Apart from the fact that Boeing and Raytheon, like most companies in the world today, use social media and have a Facebook page, what at a core product level do these three companies have in common? Not a lot you might think. Well think again.
Facebook recently announced that it is building an aircraft (video) that has a similar wingspan to a Boeing 737. What is more, when flying at 60,000 ft. this aircraft will be able to transmit information over 10 miles using lasers to hit a point no bigger than a dime at a data transfer rate in the 10s of Gigabits per second. Right in the domain of expertise of companies like Raytheon. Talk about the convergence of the Internet of Things and the aerospace and defense industry! Continue reading
As you’ve learned from a past blog by Joe Manich, the acquisition of EVEN AG by ANSYS has added some layers to ANSYS Mechanical. The design of composites is a very exciting and challenging topic, and our new colleagues will definitely help us to further enhance our solutions.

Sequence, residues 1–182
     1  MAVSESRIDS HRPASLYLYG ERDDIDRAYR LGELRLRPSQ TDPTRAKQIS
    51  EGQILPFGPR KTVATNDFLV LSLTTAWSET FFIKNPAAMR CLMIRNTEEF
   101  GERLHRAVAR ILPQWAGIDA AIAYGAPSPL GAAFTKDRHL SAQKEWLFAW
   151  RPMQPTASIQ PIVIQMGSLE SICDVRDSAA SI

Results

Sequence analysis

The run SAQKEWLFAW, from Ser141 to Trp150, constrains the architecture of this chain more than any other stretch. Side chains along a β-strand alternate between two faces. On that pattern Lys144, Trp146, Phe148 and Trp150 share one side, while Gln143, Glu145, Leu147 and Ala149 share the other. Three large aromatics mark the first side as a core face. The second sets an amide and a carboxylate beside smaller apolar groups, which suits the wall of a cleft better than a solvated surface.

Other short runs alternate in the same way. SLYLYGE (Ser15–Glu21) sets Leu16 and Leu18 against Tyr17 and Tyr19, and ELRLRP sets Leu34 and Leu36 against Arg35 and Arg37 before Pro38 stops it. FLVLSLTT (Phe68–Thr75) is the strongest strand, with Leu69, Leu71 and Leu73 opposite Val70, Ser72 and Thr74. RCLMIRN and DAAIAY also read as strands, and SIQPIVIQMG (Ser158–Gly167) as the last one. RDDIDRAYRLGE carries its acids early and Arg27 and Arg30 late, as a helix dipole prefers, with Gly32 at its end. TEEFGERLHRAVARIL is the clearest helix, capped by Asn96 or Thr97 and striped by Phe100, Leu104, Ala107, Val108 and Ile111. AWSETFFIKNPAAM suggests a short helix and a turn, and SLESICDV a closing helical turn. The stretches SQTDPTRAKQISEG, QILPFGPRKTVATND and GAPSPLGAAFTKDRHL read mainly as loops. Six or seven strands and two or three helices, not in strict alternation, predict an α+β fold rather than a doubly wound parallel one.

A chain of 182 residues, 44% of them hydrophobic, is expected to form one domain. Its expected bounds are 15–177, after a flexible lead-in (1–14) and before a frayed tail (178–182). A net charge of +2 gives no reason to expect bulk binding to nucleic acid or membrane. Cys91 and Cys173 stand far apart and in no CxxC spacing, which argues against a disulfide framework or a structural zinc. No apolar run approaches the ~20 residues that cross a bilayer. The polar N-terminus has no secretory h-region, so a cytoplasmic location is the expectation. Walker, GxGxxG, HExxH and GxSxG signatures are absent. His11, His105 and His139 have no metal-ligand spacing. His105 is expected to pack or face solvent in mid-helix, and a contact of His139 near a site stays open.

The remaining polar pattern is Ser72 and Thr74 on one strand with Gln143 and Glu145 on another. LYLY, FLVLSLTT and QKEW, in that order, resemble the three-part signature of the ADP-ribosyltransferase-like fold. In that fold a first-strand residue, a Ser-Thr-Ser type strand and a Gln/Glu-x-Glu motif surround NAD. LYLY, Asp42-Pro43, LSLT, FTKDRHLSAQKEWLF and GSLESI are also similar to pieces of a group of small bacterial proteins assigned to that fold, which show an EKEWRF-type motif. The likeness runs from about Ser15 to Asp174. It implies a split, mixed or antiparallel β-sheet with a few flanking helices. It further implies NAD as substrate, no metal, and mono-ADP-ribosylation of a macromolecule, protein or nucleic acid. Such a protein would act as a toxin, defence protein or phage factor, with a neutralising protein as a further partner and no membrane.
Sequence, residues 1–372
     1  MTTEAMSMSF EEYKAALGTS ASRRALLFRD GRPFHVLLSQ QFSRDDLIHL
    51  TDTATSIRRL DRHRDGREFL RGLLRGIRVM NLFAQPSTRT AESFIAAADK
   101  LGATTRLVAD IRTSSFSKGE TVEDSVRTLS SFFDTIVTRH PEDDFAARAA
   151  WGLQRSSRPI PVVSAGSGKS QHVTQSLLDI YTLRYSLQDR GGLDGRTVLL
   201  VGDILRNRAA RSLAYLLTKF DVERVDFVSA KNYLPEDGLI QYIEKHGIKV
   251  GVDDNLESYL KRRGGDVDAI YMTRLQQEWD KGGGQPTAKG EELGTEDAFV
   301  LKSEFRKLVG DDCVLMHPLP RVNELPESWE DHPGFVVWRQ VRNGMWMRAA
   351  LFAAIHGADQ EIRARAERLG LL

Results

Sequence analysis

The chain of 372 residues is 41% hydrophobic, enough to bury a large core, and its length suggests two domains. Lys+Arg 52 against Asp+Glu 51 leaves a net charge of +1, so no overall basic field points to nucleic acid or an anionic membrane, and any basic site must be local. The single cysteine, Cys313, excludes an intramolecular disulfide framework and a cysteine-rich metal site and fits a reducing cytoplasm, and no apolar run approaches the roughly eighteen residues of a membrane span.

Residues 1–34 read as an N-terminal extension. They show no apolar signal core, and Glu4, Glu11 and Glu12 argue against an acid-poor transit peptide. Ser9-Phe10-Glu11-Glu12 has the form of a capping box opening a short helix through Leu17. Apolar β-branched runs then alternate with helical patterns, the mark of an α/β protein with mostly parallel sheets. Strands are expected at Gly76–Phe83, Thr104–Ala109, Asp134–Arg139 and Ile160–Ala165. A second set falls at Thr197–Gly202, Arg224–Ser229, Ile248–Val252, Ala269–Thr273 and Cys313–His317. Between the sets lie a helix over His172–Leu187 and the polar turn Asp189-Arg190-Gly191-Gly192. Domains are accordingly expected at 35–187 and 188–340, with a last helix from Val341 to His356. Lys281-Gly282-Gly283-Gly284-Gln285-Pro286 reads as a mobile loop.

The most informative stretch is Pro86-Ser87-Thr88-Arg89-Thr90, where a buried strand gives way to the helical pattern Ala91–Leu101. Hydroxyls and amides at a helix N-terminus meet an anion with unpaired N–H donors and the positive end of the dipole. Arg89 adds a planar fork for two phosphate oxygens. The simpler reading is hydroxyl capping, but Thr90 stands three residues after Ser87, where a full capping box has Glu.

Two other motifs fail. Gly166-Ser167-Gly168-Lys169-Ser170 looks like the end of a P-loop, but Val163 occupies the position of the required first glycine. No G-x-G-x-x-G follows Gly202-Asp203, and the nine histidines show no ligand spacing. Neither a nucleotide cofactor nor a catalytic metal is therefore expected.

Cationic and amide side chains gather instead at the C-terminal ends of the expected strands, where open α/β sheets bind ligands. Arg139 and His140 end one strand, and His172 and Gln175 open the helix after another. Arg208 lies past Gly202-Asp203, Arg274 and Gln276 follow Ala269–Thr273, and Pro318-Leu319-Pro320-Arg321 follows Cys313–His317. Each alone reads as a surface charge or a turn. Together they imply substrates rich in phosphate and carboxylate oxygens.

I started hearing about composites many years ago during my engineering studies. At that time, my understanding of composites was not really deep. The applications I saw were mostly for thin structures, such as ship hulls and aerospace components. Now that I’m more involved with composites, I realize how vast the subject is. I’m seeing more complex structures being made out of composites, such as fan blades, tanks and pipe components. These are all but thin structures, and their simulation requires more than just mere definition of plies on a given surface. With thicker parts comes the need for looking at stresses in the direction of the thickness as well as out of the plane shear stresses that
thin models cannot accurately capture. Continue reading